Category Archives: Middle East and North Africa

Business confidence in the Middle East and Africa trailing Europe

Can there be anywhere in the world less confident about its business prospects than Europe right now? Most people would answer that question with an emphatic ‘no’. But, during our recent annual conference in London, we polled the 280 delegates – from all corners of the globe – and got some contrary and interesting views.

36% of RSM members in Europe categorised business confidence in their respective countries as ‘good’ or ‘very good’. Surprisingly, both Africa and the Middle East scored lower than Europe on business confidence, despite many countries in those regions experiencing relatively high levels of economic growth. Just 25% and 22% of accounting professionals respectively in those regions rated business confidence as ‘good’ or ‘very good’.

Needless to say, business confidence is absolutely critical. If businesses do not feel optimistic, they will be reluctant to invest. As we all know, increased capital spending by private businesses will be needed to kick-start growth, but many organisations across Europe are still in cost-cutting mode.

Contrast this with Africa, where many economies are growing strongly. Confidence is relative of course, so it’s entirely possible to be less bullish despite a more favourable economic reality. The fortunes of African economies are closely tied to demand from the U.S., Europe and China, but with demand muted, and commodity prices falling, many African economies are facing growing headwinds.

Within Europe the picture is polarised. Whilst 62% of delegates from RSM Germany rated confidence as ‘good’ or ‘very good’, business confidence from UK delegates is significantly below the European average, with only the Spanish more pessimistic about their economic prospects among major European economies. Just 9% of RSM delegates from the UK ranked business confidence as either ‘good’ or ‘very good’, whereas RSM members from Spain are the most pessimistic among the five major European economies, with none rating business confidence as ‘good’ or ‘very good’.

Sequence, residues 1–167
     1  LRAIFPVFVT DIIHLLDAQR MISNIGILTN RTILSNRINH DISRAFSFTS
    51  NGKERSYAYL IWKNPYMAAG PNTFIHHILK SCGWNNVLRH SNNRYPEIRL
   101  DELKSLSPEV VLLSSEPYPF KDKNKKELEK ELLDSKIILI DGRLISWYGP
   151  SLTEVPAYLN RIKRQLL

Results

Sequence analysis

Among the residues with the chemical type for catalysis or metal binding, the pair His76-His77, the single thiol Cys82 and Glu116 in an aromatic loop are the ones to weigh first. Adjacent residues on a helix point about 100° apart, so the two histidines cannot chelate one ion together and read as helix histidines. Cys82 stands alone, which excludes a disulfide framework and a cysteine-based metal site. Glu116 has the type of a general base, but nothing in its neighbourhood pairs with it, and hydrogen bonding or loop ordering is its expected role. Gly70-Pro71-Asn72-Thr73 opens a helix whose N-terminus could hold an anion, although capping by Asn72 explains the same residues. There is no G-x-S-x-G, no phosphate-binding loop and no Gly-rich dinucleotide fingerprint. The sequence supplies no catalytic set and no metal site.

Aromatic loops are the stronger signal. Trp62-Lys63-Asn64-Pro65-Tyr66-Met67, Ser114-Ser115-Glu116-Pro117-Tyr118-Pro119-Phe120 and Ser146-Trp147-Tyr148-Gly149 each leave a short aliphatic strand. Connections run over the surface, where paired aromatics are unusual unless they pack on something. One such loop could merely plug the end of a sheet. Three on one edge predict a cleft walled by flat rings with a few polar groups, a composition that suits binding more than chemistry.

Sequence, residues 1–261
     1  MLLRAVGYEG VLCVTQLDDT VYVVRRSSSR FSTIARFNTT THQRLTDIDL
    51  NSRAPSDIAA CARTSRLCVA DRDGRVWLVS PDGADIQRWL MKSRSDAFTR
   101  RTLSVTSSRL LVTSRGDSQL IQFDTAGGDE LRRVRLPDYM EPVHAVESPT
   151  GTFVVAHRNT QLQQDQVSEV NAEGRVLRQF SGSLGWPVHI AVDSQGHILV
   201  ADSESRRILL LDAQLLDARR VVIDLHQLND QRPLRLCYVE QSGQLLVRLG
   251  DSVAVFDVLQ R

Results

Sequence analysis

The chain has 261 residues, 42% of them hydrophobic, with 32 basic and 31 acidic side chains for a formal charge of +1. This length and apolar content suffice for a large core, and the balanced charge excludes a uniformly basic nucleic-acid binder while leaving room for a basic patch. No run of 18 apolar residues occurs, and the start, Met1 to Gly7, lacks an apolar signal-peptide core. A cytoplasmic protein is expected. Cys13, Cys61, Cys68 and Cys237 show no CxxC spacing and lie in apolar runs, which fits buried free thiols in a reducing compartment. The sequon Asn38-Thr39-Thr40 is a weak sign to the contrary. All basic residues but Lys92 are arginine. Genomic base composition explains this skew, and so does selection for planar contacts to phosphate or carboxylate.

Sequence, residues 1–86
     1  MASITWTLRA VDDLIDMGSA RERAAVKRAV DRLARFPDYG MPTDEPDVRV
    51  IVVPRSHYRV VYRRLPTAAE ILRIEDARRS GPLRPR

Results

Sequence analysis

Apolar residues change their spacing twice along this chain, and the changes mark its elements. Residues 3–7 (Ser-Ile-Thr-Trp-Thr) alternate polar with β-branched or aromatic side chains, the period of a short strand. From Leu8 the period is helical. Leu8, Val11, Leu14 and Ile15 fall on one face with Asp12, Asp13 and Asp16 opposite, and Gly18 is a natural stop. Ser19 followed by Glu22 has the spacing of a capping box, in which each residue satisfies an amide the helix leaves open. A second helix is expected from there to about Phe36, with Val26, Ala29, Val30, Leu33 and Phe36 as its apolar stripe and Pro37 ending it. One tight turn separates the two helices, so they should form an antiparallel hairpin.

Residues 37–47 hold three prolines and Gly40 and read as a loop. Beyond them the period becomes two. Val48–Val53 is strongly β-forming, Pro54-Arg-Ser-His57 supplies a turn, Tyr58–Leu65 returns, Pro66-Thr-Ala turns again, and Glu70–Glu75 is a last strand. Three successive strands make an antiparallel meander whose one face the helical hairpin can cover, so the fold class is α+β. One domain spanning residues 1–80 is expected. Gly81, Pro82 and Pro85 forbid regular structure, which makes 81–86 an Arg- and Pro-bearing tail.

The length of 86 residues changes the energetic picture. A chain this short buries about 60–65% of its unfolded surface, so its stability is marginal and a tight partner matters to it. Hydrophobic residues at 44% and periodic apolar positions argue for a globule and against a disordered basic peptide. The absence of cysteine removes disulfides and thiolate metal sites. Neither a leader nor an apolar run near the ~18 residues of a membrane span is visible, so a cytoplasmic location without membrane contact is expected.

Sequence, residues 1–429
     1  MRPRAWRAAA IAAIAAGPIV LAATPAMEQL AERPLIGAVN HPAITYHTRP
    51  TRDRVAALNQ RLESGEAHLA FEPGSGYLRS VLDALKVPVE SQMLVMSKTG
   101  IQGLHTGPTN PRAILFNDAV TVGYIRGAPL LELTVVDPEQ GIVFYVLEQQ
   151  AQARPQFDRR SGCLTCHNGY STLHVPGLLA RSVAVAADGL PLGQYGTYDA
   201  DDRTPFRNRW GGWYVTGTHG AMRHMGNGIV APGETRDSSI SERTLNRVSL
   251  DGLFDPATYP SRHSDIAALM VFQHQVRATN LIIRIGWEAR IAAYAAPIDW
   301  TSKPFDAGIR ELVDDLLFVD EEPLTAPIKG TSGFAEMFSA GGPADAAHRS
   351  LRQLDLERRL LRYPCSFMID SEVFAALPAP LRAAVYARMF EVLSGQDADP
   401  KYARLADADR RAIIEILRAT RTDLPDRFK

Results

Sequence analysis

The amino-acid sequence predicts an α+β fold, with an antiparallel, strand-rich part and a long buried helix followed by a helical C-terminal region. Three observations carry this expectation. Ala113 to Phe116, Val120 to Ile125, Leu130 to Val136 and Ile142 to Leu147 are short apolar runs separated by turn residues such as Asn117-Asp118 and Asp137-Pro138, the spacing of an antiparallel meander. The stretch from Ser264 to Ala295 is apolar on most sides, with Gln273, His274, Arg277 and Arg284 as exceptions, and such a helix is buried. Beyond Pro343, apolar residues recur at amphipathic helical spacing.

70% of RSM members in the Americas and 66% in Asia/Asia Pacific rated business confidence as ‘good’ or ‘very good’. It’s a little surprising to see confidence in the Americas higher than Asia, but then Americans are known for their optimism, and with the prospect of energy self-sufficiency in the U.S. a growing possibility, there is good reason for feeling positive. Energy is one of the largest input costs for manufacturing businesses, so the shale gas boom could provide a much-needed competitive boost to U.S. industry.

Looking forward to 2013, 42% of RSM members in Europe think business confidence will decline over the next 12 months. Only African RSM members are less optimistic: just 25% thought confidence would improve, compared to 36% of Europeans.

RSM members have their fingers directly on the pulse of businesses in their respective countries, so this survey provides a fascinating overview of economic vitality. 2012 has been a tough year for the global economy, but there is reason to hope that the prognosis for 2013 will be a little better.